Comparative studies suggest a negative relationship between pace of life-history, and relative energetic investment into brain size. However, since brain size typically evolves as a correlated response to selection on body size, any lag in brain size evolution will result in a shift in relative brain size (e.g. small body – large relative brain size).Coevolution between body size and life-history hence has the potential to drive secondary associations between relative brain size and life-history, when body size is correlated with life history. However, as far as we know, the relationship between relative brain size and life-history strategy has not been examined in systems that simultaneously present marked contrasts in life-history but no concordant shifts in body size. Using a common garden approach, we test the association between relative brain size and life-history in 21 species of killifish; a study system that fulfils the aforementioned requirements. Contrary to the prediction that brain size evolves through energetic trade-offs with life-history, we found that adults, but not juveniles, of fast-living species had larger relative brain sizes. Rather than an energetic link to life-history, our results suggest that fast- and slow-living species differ in terms of how cognitively demanding environments they inhabit are, or alternatively in the ontogenetic timing of somatic vs. neural growth.

  • 4.
    Eckerström-Liedholm, Simon
    et al.
    Stockholms universitet, Naturvetenskapliga fakulteten, Zoologiska institutionen.
    Sowersby, Will
    Stockholms universitet, Naturvetenskapliga fakulteten, Zoologiska institutionen.
    Morozov, Sergey
    van der Bijl, Wouter
    Rowiński, Piotr
    Stockholms universitet, Naturvetenskapliga fakulteten, Zoologiska institutionen.
    Gonzalez-Voyer, Alejandro
    Stockholms universitet, Naturvetenskapliga fakulteten, Zoologiska institutionen.
    Rogell, Björn
    Stockholms universitet, Naturvetenskapliga fakulteten, Zoologiska institutionen.
    Macroevolutionary evidence suggests trait-dependent coevolution between behaviour and life-historyManuskript (preprint) (Övrigt vetenskapligt)
    Abstract [en]

    Species with fast life-histories prioritize current over future reproduction, which ought to require greater energetic resources, but also results in a shorter time-period to realize their reproductive potential, compared to slow life-histories, which prioritize future reproduction. Hence, behaviours that increase access to both resources and mating opportunities, at a cost of increased mortality risk, are thought to coevolve with the pace of life-history. However, whether this prediction holds across species, is yet to be tested under standardized conditions. Here, we test how potentially risky behaviours, which facilitate access to resources and mating opportunities (i.e. activity, boldness and aggression), along with metabolic rate, correlates with the pace of life-history across 20 species of killifish, which present a remarkable divergence in the pace of their life-histories. We found a positive correlation between the pace of life-history and aggression, but not with any other behavioural traits or metabolic rate. Aggression is often expressed in the context of mating, while the other behaviours we measured might be more relevant for access to energetic resources. Our results therefore suggest that the trade-off between current and future reproduction plays a more prominent role in shaping mating behaviour, while behaviours related to acquisition of energetic resources may be more affected by ecological factors.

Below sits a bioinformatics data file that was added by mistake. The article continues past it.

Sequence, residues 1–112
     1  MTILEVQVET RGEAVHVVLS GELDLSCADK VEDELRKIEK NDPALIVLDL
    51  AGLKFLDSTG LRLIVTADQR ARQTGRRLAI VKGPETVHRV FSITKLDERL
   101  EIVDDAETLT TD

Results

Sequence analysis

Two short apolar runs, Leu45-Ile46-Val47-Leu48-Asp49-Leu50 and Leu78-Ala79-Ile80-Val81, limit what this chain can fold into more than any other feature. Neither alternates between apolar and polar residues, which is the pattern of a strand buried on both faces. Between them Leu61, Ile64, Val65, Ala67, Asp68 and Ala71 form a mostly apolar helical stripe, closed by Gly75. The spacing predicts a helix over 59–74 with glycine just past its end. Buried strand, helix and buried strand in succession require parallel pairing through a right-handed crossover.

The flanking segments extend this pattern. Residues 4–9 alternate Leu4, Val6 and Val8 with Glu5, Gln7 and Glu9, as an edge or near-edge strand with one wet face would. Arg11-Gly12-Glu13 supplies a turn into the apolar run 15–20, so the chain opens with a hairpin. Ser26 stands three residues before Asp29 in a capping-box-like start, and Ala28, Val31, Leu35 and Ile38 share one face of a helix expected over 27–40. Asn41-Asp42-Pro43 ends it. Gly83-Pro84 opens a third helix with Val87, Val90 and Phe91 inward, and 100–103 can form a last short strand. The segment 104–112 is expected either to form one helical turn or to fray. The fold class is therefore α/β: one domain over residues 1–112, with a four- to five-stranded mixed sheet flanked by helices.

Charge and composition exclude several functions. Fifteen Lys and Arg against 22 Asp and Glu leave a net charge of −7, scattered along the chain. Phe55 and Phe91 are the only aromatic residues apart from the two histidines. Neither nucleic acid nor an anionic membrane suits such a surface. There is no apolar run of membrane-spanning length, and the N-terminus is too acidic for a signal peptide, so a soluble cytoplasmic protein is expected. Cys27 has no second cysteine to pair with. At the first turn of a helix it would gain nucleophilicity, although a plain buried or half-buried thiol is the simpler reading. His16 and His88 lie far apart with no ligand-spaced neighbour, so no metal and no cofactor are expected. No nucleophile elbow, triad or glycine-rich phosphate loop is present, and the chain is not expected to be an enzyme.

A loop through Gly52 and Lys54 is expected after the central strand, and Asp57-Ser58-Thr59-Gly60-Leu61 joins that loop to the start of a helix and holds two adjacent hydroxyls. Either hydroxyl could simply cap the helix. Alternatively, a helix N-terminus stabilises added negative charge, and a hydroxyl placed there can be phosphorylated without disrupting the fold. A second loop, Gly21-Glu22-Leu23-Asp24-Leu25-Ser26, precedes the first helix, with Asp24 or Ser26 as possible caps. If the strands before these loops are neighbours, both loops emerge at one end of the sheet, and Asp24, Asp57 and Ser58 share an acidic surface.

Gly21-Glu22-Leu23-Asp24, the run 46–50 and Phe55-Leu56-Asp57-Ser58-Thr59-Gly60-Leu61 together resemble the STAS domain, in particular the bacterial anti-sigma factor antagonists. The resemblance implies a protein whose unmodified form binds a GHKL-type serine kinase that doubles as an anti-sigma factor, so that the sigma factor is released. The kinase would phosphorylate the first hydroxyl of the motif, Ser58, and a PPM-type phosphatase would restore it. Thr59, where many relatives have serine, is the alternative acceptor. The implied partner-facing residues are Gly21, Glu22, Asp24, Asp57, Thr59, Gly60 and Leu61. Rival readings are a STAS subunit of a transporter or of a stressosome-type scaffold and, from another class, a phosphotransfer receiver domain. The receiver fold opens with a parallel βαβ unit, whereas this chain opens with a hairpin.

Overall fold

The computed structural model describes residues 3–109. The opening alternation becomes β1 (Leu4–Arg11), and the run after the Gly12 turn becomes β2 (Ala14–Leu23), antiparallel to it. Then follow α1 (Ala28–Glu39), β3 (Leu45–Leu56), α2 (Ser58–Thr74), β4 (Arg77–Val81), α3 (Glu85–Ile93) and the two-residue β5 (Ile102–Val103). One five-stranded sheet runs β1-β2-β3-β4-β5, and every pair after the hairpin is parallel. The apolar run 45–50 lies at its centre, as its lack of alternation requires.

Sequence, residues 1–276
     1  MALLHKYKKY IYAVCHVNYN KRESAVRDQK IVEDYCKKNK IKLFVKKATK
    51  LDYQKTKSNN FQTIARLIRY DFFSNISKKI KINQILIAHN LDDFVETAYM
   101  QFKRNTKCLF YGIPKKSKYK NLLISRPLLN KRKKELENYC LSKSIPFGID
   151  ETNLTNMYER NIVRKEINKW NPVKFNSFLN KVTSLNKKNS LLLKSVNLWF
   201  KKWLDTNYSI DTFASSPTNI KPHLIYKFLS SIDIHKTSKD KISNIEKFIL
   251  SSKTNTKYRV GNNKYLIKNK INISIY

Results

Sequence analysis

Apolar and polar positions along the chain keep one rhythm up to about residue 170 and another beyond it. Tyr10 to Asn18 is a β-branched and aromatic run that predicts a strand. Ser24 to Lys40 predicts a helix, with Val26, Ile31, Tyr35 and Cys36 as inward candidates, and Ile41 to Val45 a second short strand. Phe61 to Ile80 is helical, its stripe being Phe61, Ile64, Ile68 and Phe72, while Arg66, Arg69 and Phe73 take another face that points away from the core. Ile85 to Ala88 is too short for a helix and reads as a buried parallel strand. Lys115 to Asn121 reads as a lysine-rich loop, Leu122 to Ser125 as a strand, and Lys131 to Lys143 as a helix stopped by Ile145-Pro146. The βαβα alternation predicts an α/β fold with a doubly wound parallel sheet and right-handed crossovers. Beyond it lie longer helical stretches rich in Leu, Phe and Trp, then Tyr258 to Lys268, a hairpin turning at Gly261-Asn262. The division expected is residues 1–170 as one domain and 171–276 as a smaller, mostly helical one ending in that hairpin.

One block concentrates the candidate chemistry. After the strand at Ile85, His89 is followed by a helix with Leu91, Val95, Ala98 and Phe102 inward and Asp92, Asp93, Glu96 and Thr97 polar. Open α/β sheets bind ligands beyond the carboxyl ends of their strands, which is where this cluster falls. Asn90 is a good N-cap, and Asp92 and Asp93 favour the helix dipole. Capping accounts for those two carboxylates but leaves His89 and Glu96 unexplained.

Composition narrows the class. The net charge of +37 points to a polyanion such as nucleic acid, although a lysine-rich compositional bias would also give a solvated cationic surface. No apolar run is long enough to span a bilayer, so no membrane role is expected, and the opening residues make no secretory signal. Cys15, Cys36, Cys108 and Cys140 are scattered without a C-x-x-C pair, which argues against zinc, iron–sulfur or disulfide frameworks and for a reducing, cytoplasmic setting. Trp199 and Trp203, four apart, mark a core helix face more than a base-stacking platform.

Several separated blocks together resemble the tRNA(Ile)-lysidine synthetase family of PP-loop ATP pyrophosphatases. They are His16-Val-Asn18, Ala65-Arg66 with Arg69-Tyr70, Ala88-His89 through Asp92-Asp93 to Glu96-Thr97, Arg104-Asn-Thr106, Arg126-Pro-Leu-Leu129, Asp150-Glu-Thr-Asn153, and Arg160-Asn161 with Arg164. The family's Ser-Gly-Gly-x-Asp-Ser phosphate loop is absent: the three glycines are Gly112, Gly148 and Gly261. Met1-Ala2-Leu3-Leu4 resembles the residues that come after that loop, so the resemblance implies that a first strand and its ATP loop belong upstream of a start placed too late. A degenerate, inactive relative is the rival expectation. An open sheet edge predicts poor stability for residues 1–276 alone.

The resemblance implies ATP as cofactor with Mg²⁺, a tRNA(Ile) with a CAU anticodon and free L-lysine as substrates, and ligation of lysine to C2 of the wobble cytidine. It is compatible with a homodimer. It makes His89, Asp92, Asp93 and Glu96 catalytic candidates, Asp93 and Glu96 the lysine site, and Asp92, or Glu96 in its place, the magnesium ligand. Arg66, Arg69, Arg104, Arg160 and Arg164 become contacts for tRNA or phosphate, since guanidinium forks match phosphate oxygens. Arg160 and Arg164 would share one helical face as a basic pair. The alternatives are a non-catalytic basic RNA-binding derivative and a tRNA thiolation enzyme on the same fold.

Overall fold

• 5.
    Eckerström-Liedholm, Simon
    et al.
    Stockholms universitet, Naturvetenskapliga fakulteten, Zoologiska institutionen.
    Sowersby, Will
    Stockholms universitet, Naturvetenskapliga fakulteten, Zoologiska institutionen.
    Morozov, Sergey
    van der Bijl, Wouter
    Stockholms universitet, Naturvetenskapliga fakulteten, Zoologiska institutionen. University of British Columbia, Canada.
    Rowiński, Piotr K.
    Stockholms universitet, Naturvetenskapliga fakulteten, Zoologiska institutionen.
    Gonzalez-Voyer, Alejandro
    Stockholms universitet, Naturvetenskapliga fakulteten, Zoologiska institutionen. Universidad Nacional Autónoma de México, Mexico.
    Rogell, Björn
    Stockholms universitet, Naturvetenskapliga fakulteten, Zoologiska institutionen.
    Macroevolutionary evidence suggests trait-dependent coevolution between behavior and life-history2019Ingår i: Evolution, ISSN 0014-3820, E-ISSN 1558-5646, Vol. 73, nr 11, s. 2312-2323Artikel i tidskrift (Refereegranskat)
    Abstract [en]

    Species with fast life-histories typically prioritize current over future reproductive events, compared to species with slow life-histories. These species therefore require greater energetic input into reproduction, and also likely have less time to realize their reproductive potential. Hence, behaviors that increase access to both resources and mating opportunities, at a cost of increased mortality risk, could coevolve with the pace of life-history. However, whether this prediction holds across species, remains untested under standardized conditions. Here, we test how risky behaviors, which facilitate access to resources and mating opportunities (i.e., activity, boldness, and aggression), along with metabolic rate, coevolve with the pace of life-history across 20 species of killifish that present remarkable divergences in the pace of life-history. We found a positive association between the pace of life-history and aggression, but interestingly not with other behavioral traits or metabolic rate. Aggression is linked to interference competition, and in killifishes is often employed to secure mates, while activity and boldness are more relevant for exploiting energetic resources. Our results suggest that the trade-off between current and future reproduction plays a more prominent role in shaping mating behavior, while behaviors related to energy acquisition may be influenced by ecological factors.